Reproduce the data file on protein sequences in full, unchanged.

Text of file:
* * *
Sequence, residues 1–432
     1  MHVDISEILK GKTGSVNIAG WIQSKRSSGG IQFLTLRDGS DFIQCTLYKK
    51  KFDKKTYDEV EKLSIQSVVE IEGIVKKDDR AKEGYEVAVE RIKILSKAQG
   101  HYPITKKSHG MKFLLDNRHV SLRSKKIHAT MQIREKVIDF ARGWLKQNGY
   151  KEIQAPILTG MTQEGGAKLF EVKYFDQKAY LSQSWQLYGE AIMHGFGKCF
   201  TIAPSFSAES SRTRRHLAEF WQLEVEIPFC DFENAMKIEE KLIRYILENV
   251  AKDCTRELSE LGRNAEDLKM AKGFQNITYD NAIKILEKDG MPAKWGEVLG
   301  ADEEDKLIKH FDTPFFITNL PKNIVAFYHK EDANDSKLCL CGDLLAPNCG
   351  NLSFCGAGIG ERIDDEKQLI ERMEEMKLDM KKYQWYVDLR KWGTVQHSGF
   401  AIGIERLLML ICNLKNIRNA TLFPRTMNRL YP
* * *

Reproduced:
Sequence, residues 1–432
     1  MHVDISEILK GKTGSVNIAG WIQSKRSSGG IQFLTLRDGS DFIQCTLYKK
    51  KFDKKTYDEV EKLSIQSVVE IEGIVKKDDR AKEGYEVAVE RIKILSKAQG
   101  HYPITKKSHG MKFLLDNRHV SLRSKKIHAT MQIREKVIDF ARGWLKQNGY
   151  KEIQAPILTG MTQEGGAKLF EVKYFDQKAY LSQSWQLYGE AIMHGFGKCF
   201  TIAPSFSAES SRTRRHLAEF WQLEVEIPFC DFENAMKIEE KLIRYILENV
   251  AKDCTRELSE LGRNAEDLKM AKGFQNITYD NAIKILEKDG MPAKWGEVLG
   301  ADEEDKLIKH FDTPFFITNL PKNIVAFYHK EDANDSKLCL CGDLLAPNCG
   351  NLSFCGAGIG ERIDDEKQLI ERMEEMKLDM KKYQWYVDLR KWGTVQHSGF
   401  AIGIERLLML ICNLKNIRNA TLFPRTMNRL YP